I welcome the opportunity to contribute to the debate on this long awaited legislation. It was originally introduced in 2001 but was then withdrawn. However, the intervening years have provided the Government with a major opportunity to consult extensively on what is required in the legislation and provided people with disabilities, their parents, carers and support groups an opportunity to meet and lobby politicians about the areas they feel need attention.
That happened in my constituency and I refer to a meeting I had with representatives of the Mayo Autism Support Association to discuss their needs in November 2004 following the publication of the legislation. They outlined their experiences, which highlighted a geographical issue among others. The experiences of people in the west, particularly in County Mayo, are worse than in many other areas. The association's representatives stated they received a poor service or in the case of Erris and Achill absolutely no service.
People with disabilities in County Mayo have no problem getting assessed and, in some cases, they were assessed not once or twice but three times. However, following the initial assessment, no service was provided. Parents had nobody to call for advice or help and there is little speech or occupational therapy. The Western Health Board and Western Care, which are responsible for services in County Mayo, have a major difficulty recruiting and retaining staff. The speech and occupational therapy service must be addressed at another level because if this service is not provided, the assessment and sectoral plans will make no difference because professionals will not be available to deliver them at the end of the day. It will be difficult to resolve this problem in the short term.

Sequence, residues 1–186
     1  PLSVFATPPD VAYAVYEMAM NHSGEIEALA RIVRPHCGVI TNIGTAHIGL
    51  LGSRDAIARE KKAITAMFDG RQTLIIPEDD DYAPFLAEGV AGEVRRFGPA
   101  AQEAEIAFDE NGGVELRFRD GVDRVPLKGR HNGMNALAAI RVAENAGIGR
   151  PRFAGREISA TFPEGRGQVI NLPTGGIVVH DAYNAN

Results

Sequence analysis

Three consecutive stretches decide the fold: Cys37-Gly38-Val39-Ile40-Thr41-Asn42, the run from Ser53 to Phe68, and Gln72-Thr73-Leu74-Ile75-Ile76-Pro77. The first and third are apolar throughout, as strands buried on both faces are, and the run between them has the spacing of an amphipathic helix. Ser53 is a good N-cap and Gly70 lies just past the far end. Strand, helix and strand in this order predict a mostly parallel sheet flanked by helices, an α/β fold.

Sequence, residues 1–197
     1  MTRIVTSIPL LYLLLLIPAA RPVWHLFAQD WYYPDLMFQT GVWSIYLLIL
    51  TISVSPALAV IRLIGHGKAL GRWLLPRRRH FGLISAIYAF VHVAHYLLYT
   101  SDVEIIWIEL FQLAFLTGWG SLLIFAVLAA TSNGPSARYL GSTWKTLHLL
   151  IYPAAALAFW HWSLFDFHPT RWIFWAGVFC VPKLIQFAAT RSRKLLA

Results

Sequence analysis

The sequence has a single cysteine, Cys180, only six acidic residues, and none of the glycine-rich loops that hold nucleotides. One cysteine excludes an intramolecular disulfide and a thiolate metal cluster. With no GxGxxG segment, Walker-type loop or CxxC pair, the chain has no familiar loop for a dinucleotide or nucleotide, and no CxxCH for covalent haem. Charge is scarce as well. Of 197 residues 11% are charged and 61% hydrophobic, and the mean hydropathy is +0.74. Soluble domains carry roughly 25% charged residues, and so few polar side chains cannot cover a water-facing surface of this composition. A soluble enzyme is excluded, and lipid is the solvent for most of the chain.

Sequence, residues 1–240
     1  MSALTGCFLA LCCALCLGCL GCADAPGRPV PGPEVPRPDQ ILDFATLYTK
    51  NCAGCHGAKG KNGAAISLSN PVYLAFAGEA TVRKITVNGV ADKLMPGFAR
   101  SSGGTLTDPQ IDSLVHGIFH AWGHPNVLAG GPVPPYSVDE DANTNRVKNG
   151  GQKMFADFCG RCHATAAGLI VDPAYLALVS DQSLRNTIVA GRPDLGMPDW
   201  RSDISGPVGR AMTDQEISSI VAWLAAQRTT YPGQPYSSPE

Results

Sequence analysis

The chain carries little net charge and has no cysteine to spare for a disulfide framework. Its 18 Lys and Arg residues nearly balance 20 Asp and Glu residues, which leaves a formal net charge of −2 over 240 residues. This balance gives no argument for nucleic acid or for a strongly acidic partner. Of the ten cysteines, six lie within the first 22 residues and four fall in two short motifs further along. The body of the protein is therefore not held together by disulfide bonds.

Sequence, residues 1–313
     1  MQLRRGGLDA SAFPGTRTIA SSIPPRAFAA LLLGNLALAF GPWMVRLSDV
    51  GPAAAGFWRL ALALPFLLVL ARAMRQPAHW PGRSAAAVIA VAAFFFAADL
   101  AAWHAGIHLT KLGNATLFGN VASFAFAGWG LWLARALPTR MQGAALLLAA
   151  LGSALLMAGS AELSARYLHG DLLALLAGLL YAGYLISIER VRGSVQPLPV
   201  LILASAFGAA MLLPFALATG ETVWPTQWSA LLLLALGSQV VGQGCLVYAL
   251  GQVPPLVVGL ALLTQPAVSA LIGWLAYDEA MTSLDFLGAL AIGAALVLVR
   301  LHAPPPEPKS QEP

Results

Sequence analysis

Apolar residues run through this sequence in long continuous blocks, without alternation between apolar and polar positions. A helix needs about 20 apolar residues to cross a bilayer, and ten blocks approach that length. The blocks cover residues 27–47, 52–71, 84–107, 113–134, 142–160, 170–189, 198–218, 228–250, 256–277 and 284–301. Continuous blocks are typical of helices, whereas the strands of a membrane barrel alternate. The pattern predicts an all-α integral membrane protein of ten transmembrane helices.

Many parents, carers and groups at the meeting did not know who was responsible for the educational and health needs of people with disabilities. No support service is provided. For example, if a speech therapist becomes pregnant or ill, nobody is available to cover her area meaning the service collapses completely. The loss or withdrawal of such services is a retrograde step for the individual involved and it is not acceptable because it causes a great deal of hurt and anger among the families affected.
There was also a feeling that once an assessment is conducted and a plan put in place, the individual should have a right to the service proposed. It was also felt inadequate respite and transport facilities were in place and the group was concerned about provisions in the legislation relating to resources and the practicability of providing services. In other words, rather than getting a rights-based Bill they were getting a resource-based one. This was a subject of much criticism.